Notably, the researchers found that despite the increased ventilation in obese mice lacking TRPM7, their blood oxygen levels did not increase. For this finding, researchers exposed the mice to hypoxic — or low-oxygen — environments and then monitored their breathing patterns. Although the mice’s minute ventilation increased by 20%, from 1.5 mL/min/g to 1.8 mL/min/g, their bloodstream oxygen levels decreased, meaning their additional inhalations did not help saturate the body with more oxygen.
“This suggests that treatments designed to reduce or erase TRPM7 in carotid bodies would not be workable for people living in low-oxygen environments, such as those in very high altitudes, or for those with conditions that already limit blood oxygen saturation, such as lung disease,” says Kim.
The team’s findings also illustrate that the hormone leptin — which is produced in fat cells and is responsible for curbing appetite — may cause an increase in TRPM7 channels. Leptin is already known to accelerate production and increase the concentration of TRPM7 in carotid bodies. In obese mice who possess more fat cells, the increased amount of leptin may lead to an oversaturation of TRPM7. These high levels of the cation channel in turn may lead to the low respiration rates observed in obese mice with TRPM7.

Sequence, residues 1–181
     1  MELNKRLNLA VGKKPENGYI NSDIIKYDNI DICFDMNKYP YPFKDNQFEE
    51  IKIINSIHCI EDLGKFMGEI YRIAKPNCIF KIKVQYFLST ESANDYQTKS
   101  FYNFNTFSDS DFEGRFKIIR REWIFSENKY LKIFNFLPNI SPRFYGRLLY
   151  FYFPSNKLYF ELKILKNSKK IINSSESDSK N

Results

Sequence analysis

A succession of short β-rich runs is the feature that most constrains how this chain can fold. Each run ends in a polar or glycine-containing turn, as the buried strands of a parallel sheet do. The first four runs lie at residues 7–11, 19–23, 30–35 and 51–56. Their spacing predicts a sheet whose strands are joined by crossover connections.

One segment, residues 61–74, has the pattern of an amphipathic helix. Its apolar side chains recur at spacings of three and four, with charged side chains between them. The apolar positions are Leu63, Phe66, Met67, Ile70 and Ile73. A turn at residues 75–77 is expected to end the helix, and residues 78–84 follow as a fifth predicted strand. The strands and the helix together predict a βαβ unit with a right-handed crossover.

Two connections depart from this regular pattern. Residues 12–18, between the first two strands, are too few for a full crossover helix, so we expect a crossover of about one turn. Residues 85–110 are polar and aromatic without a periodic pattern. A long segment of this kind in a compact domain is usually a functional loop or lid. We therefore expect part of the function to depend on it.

The leptin-TRPM7 axis in the carotid bodies may play an important role in the pathogenesis of sleep-disordered breathing. (CREDIT: The Journal of Physiology)
“We have shown that the genetic knockdown of TRPM7 in carotid bodies reduces suppressed respiration in sleep-disordered breathing,” says Vsevolod (Seva) Polotsky, M.D., Ph.D., director of sleep research and professor of medicine at the Johns Hopkins University School of Medicine. “While more research is needed, carotid body TRPM7 is a promising therapeutic target not only for hypertension in obesity, but also for abnormal breathing during sleep associated with obesity.”
Tips for Better Sleep
Good sleep habits (sometimes referred to as “sleep hygiene”) can help you get a good night’s sleep.
Some habits that can improve your sleep health:
Be consistent. Go to bed at the same time each night and get up at the same time each morning, including on the weekends
Make sure your bedroom is quiet, dark, relaxing, and at a comfortable temperature
Remove electronic devices, such as TVs, computers, and smart phones, from the bedroom
Avoid large meals, caffeine, and alcohol before bedtime
Get some exercise. Being physically active during the day can help you fall asleep more easily at night.
Other researchers involved in this research include Mi-Kyung Shin, Huy Pho, Nishitha Hosamane, Frederick Anokye-Danso, Rexford Ahima, James Sham and Luu Pham of Johns Hopkins University School of Medicine, as well as Wan-Yee Tang of the University of Pittsburgh.
This research was supported by National Heart, Lung, and Blood Institute grant NIH R01 HL128970, R01 HL133100 and R01 HL12892, American Academy of Sleep Medicine Foundation 238-BS-20, American Thoracic Society Unrestricted Award, American Heart Association (AHA) Postdoctoral Fellowship Award 828142 and AHA Career Development Award 19CDA34700025.
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Note: Materials provided above by Johns Hopkins Medicine. Content may be edited for style and length.